Blood sacrifice

Heaven and hell in search of pre-runoff brook trout on the edge of Yellowstone
brook trout
Photo: Rueben Browning

It was to be a stealth operation, quickly arranged and executed.

On a brilliant mid-May afternoon, I just couldn’t help myself. Punctuated by the knowledge that the sun is setting later, I knew it was feasible, after a day spent toiling over the the computer, to drive a bit farther and see if that little-known brook trout stream on the shoulders of the Pitchstone Plateau had cleared up enough to make a few casts possible.

But it was early yet. The rain and the warmer temperatures had the little stream pulsing with high water, but this stretch of fly fishing heaven never goes completely the color of chocolate. It drains the western rim of the Yellowstone caldera, and cold water runs over black basalt until it picks up a charge of spring water, eventually dumping a clean, cold surge into the Henry’s Fork.

Higher up, above all the shoulder-season chaos of muddy tributaries and early-season four-wheelers charging across swollen streams and mud bogs, this little creek runs all by itself—a lonely outpost for diminutive, yet generally willing, non-native brook trout that long ago claimed these waters from what would have been native Yellowstone cutthroat trout. And because it clears more quickly than nearby waters — or doesn’t really get dirty at all — it comes to life early.

As I crested the ridge and veered off the blacktop onto a quiet dirt road leading into the lodgepoles, it was good to see that, even under the north-facing rocks and slopes, all the winter’s snow was gone. When crossing the stream on a rickety Forest Service bridge, I noticed tiny noses taking bugs on the surface in a slick just below.

Brook trout. Dry flies.


I parked the rig in a makeshift campsite along the creek and quickly realized that, while the fishing would likely be fairly straightforward, I was already faced with another challenge I was hoping I would be able to avoid.

This stretch of Idaho is wet this time of year. With runoff nearly over, but spring rains peppering the plateau, there is a lot of standing water. And with standing water, one can reasonably expect a bumper crop of mosquitoes. There, sitting in the truck, I realized that I had counted on it being just a bit too early for these blood-sucking monsters. But between me and few panes of autoglass hovered a swarm of insects that seemed to descend upon the vehicle as if answering a dinner bell. It’s as if they knew that, once the crusty outer shell of the vehicle was penetrated, the soft, juicy insides awaited. The bugs hovered and bumped the windows like a grocery store patron staring hungrily through the aquarium glass at the soon-to-be dispatched lobster.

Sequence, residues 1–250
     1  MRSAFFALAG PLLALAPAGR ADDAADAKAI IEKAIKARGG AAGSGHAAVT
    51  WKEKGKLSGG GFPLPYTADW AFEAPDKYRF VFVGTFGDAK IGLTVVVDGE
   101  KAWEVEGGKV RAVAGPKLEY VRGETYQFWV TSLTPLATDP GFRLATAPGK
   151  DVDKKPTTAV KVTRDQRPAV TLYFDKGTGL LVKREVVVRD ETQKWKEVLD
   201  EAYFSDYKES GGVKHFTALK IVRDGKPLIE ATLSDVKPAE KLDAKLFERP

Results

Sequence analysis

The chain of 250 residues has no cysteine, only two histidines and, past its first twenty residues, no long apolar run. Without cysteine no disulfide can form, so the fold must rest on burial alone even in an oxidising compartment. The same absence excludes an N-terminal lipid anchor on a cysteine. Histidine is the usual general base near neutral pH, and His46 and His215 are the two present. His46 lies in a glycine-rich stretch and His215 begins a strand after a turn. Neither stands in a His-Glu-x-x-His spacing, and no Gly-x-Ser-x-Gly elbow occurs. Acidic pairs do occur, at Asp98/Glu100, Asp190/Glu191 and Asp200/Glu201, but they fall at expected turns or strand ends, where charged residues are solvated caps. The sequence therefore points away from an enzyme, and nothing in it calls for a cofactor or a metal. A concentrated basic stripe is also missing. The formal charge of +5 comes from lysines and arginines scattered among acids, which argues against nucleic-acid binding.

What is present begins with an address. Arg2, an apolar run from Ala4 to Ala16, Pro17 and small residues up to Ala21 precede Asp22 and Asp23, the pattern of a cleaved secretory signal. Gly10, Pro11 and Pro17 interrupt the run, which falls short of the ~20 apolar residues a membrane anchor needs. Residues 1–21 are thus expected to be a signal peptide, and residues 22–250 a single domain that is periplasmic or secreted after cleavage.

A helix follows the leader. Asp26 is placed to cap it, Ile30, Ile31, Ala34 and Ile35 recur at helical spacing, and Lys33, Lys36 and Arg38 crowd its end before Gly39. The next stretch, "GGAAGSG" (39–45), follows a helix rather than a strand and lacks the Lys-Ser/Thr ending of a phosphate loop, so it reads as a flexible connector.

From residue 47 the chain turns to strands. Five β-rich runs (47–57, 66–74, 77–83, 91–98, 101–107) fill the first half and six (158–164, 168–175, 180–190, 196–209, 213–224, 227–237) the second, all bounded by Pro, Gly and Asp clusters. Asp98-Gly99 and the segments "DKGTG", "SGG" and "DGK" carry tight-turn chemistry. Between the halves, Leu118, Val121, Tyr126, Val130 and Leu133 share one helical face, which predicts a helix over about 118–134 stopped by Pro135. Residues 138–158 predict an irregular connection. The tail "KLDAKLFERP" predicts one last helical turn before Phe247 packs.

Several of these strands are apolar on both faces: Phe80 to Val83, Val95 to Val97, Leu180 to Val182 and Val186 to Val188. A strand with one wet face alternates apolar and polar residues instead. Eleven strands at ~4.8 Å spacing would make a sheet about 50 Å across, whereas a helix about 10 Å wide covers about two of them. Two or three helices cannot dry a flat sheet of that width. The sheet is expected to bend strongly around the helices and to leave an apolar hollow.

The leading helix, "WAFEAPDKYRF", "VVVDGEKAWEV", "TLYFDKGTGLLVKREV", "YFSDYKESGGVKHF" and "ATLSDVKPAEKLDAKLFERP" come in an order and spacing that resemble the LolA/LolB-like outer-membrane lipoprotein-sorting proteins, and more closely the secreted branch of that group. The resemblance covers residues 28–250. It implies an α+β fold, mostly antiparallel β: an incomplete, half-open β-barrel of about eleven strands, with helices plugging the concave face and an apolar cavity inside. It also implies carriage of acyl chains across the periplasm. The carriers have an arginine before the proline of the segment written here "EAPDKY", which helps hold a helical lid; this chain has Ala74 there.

Glaring through the windshield, the mosquitoes faded to a blur as I focused in on the trout water just a few yards away. The brookies here aren’t big, but they’re game, and on light tackle, they’ll make any fly fisher giddy for a little while. My eyes returned to the glass and the ever-increasing swarm of bloodsuckers daring me to step outside and expose my skin.

And, given the somewhat spontaneous nature of this little adventure, I had plenty of skin exposed. Shorts. Wading sandals. T-shirt. No repellant. No waders. I was an all-you-can-eat buffet for the damn mosquitoes.

Poor planning? No. No planning. A cool, overcast spring day in the Rockies. A gazilliion mosquitoes waiting just outside the car, swarming between me and my trouty destination.


I took a deep breath and opened the door, moving quickly to to the back of the rig where I could assemble a little 7-foot 4-weight just right for this small water. It took seconds before the first bug was attached to a bare calf. By the time I had all four pieces of the rod in place, I had half a dozen mosquitoes on my left leg and another flock had assembled on my right. I quickly wiped my hand along both shins, smearing my legs with mixture of my own blood and the remnants of a handful of bugs that couldn’t detach themselves. Then, I set about attaching the reel.